The sound levels for the available coolers were measured from 2 feet (~61 cm) away using a Tenma Sound Level Meter 72-935. One of the main benefits to the Arctic Accelero heatsink line-up is the performance for the amount of noise created. I was unable to personally measure the sound levels of the Windforce and Reference coolers, so I checked around online for various reviews of the cards and found the Windforce to have a load dBA of 52 and the reference cooler 50.5 dBA – Note: from testing other reference coolers on different cards (non-7970) the dBA is usually in the low to mid 60s, so the number below may not be with 100% fan speed.

7970 GPU Heatsink Noise Results
7970 GPU Heatsink Noise Results

The difference in the results of the Hybrid versus the rest of the coolers is staggering, with the Hybrid 7970 being literally whisper-quiet according to decibel-level charts. I had to turn off the rest of the fans in order to have an audible sound to measure the included fan from Arctic. The rest of the coolers all fell into line reaching approximately the same noise levels. For sheer performance the Panaflo fan made a pretty large difference in temperatures over the bundled fan while having noise levels on par with competition.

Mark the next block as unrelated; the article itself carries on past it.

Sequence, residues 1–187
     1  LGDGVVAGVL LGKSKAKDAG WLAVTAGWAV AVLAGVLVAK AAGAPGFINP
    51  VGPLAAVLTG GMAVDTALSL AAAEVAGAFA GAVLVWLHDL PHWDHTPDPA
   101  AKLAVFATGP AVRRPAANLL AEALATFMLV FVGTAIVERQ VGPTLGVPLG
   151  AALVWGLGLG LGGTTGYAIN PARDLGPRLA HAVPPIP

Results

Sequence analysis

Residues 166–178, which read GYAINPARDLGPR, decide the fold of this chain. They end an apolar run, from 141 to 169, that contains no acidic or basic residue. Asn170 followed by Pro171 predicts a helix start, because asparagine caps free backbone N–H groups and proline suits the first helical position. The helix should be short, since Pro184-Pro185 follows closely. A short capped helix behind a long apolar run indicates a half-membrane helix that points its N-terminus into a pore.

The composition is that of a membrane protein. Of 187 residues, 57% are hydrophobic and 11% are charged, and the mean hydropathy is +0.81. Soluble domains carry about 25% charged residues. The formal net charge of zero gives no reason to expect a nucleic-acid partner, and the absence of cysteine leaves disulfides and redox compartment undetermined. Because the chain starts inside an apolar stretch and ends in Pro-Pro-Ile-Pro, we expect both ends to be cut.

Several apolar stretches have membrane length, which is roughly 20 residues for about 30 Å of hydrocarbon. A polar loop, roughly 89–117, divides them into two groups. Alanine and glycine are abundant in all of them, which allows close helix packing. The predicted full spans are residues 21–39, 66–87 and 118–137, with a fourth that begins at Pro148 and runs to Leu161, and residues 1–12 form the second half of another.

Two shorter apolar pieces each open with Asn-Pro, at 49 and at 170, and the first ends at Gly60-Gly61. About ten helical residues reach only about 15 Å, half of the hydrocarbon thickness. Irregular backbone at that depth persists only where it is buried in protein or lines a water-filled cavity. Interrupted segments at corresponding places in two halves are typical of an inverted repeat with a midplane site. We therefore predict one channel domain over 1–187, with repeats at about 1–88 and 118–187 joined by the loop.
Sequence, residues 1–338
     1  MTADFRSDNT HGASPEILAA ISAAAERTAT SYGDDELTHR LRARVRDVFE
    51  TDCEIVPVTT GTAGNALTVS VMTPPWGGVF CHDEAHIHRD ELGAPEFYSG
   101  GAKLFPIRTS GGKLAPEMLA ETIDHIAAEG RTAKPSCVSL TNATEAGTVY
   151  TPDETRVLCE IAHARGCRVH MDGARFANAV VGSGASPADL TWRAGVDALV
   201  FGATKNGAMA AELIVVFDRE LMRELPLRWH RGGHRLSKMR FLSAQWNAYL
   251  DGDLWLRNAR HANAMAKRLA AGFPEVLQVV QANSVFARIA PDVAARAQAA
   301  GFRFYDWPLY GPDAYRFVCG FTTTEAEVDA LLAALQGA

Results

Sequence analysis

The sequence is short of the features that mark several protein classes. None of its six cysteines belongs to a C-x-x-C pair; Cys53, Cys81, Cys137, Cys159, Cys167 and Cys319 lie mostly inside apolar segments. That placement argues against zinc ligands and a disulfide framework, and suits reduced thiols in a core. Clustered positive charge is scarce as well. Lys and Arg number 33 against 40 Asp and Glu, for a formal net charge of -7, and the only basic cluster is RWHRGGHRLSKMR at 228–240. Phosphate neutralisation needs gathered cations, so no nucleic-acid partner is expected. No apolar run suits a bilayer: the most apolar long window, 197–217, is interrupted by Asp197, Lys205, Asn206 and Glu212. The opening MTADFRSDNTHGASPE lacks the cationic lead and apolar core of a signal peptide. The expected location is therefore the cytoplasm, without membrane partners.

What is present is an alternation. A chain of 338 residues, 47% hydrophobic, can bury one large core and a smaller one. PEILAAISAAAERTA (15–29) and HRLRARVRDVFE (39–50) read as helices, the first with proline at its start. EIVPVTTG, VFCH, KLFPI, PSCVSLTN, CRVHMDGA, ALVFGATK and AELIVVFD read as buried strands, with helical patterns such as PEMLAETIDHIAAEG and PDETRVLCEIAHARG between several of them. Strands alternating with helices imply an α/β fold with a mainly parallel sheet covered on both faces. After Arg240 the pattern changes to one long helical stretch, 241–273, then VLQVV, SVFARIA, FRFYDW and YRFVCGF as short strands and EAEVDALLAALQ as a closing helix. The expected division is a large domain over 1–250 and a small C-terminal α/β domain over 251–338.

Overall the Arctic Accelero Hybrid 7970 GPU Heatsink does a very good job of keeping the GPU temperature nice and low while creating less noise than (most likely) all of the other fans in your case. The only catch is the steep MSRP of $180. Because of the high price, it is difficult to pinpoint who the product is marketed for; I would imagine many people who are considering spending upwards of $150 on a cooler for a computer part would likely purchase a full-cover waterblock from a company like Swiftech, EK, or DangerDen to be used in a full custom water cooling loop.  On the other hand, as the closed-loop all-in-one water cooled CPU heatsinks have become quite popular (such as the H80 and H100 from Corsair) it appears to be about time for the GPU market to have similar products. I am interested to see how this product evolves and performs in future iterations; maybe with a dual-fan-width (120×2) radiator.  With that said, the fact this Hybrid is Arctic’s first dive into a closed-loop water cooling system, an overall lack of competition in the market, and it being their flagship cooler, a higher price would be expected. If you are a fan of Arctic’s products and have this kind of money to spend on a standalone heatsink for your graphics card, you will be hard pressed to find anything that is comparable without building your own water cooling loop. For those that want to stick to the strictly air-cooled market, Overclockers has yet to test Arctic’s Accelero Xtreme 7970 which, if past products are any sign of current performance, should also give excellent cooling for very little noise. Ultimately, because the Accelero Hybrid 7970 succeeds in all of the performance tests with a whisper-quiet noise level, I give Arctic’s Accelero Hybrid the Overclockers Stamp of Approval, but I’d recommend checking to see if you can find it on sale.